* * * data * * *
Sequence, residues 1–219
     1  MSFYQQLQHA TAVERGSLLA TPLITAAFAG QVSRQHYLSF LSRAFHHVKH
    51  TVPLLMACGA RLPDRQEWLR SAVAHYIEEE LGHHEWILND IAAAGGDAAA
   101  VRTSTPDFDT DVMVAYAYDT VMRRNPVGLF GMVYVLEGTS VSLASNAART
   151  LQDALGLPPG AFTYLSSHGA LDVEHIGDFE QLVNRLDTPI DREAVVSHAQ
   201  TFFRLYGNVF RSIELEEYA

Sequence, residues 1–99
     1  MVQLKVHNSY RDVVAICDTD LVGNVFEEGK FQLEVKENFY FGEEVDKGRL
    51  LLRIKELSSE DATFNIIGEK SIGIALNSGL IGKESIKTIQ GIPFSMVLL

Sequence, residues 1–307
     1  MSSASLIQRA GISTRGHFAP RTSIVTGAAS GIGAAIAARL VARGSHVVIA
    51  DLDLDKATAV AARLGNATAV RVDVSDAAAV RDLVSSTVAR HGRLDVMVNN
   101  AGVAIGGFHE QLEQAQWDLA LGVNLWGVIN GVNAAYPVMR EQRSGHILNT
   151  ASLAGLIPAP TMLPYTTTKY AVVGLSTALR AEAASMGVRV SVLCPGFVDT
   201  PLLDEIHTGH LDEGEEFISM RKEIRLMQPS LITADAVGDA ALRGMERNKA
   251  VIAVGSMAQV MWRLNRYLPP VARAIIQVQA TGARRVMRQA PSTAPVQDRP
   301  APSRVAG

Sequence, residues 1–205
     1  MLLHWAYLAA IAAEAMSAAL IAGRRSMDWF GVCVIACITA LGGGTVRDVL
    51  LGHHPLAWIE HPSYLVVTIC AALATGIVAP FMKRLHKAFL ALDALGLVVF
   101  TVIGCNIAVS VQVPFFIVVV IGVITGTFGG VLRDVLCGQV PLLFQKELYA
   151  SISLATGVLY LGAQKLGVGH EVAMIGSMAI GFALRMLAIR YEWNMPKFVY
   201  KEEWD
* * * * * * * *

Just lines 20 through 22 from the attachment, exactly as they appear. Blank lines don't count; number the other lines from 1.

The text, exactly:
    51  LGHHPLAWIE HPSYLVVTIC AALATGIVAP FMKRLHKAFL ALDALGLVVF
   101  TVIGCNIAVS VQVPFFIVVV IGVITGTFGG VLRDVLCGQV PLLFQKELYA
   151  SISLATGVLY LGAQKLGVGH EVAMIGSMAI GFALRMLAIR YEWNMPKFVY